Director, Commonwealth Policy Center

Paducah's City Commission will vote this Tuesday to modify the human rights ordinance to include sexual orientation and gender identity (SOGI) language. The idea is to protect members of the LGBT community from unjust discrimination in areas of housing, employment and public accommodations. Who's for unjust discrimination anyway?

Paducah wasn't the first city to consider an ordinance change in the past year. Bardstown, Georgetown and Bowling Green also considered changes to their laws but local leaders rejected the proposals when they learned how such ordinances have been used to hurt others. 

Advocates of the ordinance make it sound like Paducah is in dire need of an ordinance protecting sexual orientation and gender identity.  However, the SOGI ordinance raises more questions than anything.

Why is the ordinance necessary? How many documented cases of sexual orientation or gender identity discrimination are there in Paducah? Could it punish business owners who refuse to materially participate through their products or services in gay weddings?  Does this ordinance protect crossdressing in the workplace? Would it affect restrooms and locker rooms at parks and other properties owned by the city? How about public schools?

Troubling questions, certainly. But they deserve answers.

Paducah has yet to document a single case of such discrimination based on sexual orientation. In fact, such laws have been used across the country to punish florists, photographers and bakers like Jack Phillips, a Colorado bakery owner whose religious convictions prevented him from baking a cake for a gay wedding. The U.S. Supreme Court recently heard his case.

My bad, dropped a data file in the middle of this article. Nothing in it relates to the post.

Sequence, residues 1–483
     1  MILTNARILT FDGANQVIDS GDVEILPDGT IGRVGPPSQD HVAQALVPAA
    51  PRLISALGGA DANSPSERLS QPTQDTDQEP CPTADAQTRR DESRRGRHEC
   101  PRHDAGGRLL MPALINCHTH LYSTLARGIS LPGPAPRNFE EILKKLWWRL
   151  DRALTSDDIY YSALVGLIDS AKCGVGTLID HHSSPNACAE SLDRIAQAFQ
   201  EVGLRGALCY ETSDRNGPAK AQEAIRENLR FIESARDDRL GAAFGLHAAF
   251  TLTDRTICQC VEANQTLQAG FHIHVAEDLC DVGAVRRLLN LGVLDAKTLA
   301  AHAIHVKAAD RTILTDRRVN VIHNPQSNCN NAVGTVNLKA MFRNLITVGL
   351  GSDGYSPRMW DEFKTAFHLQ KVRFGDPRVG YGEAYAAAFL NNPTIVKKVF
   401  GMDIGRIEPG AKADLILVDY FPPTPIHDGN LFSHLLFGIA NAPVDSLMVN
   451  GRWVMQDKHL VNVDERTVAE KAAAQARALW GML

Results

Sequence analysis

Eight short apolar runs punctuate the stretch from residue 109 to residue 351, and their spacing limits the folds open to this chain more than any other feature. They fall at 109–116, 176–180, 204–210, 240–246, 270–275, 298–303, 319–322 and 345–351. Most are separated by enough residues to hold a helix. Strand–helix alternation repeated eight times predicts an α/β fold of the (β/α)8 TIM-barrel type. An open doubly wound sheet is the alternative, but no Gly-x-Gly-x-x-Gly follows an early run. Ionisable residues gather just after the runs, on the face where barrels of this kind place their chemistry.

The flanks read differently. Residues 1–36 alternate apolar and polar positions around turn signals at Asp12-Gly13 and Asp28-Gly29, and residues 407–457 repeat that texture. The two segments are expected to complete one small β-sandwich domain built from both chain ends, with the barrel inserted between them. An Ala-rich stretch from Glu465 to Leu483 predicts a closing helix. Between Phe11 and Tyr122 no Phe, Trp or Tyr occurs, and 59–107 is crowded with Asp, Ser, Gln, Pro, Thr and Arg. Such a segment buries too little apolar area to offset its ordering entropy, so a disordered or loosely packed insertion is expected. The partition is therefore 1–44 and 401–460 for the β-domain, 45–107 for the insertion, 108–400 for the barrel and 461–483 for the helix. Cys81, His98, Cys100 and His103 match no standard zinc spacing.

A Lexington SOGI law is being used to punish Blaine Adamson for refusing to print T-shirts for a gay pride event because it promoted a message contrary to his religious beliefs. This case is now being heard by the Kentucky Supreme Court, which brings us to this question: why would the Paducah City Commission push ahead with a controversial ordinance when the issue is being litigated at both the state and federal level?

SOGI ordinances make a minefield of a company's hiring and employment termination process. Here's how: if an openly homosexual or transgender employee is fired for poor job performance, they can simply claim “sexual orientation discrimination,” bring it before the Human Rights Commission and tie up an employers valuable time and resources on scurrilous claims. How is this fair?

When it comes to hiring, private sexual behavior becomes an issue by forcing employers to somehow consider a prospective employee’s sexuality. Consider that an employer cannot be sure of every applicant's sexual orientation or gender identity unless they specifically ask. And why should they ask, unless the law makes it an issue? It's a catch 22 and could be entirely avoided by keeping an individual's private sex life out of the interview process.

Some have argued that the ordinance would not affect religious organizations. However, SOGI laws have been used to threaten pastors operating in pastoral capacity outside a nonprofit church facility. Consider Idaho Pastors Donald and Evelyn Knapp who were prosecuted under a SOGI ordinance in 2014 for refusing to marry a homosexual couple in their for-profit wedding chapel in Couer d’Alene, Idaho.  Clearly, recent history indicates that SOGI laws bring trouble to a community. 

There will be claims that opposition to the SOGI ordinance will hurt the LGBT community. Truth is, one can be for an individual and respect their humanity without embracing and agreeing with all their personal choices. SOGI laws unfortunately allow no room for such distinctions.  Since this is the case, Paducah City Commissioners should reject this inherently dangerous and divisive proposal.

This column appeared in the January 6, 2018 edition of the West Kentucky Star.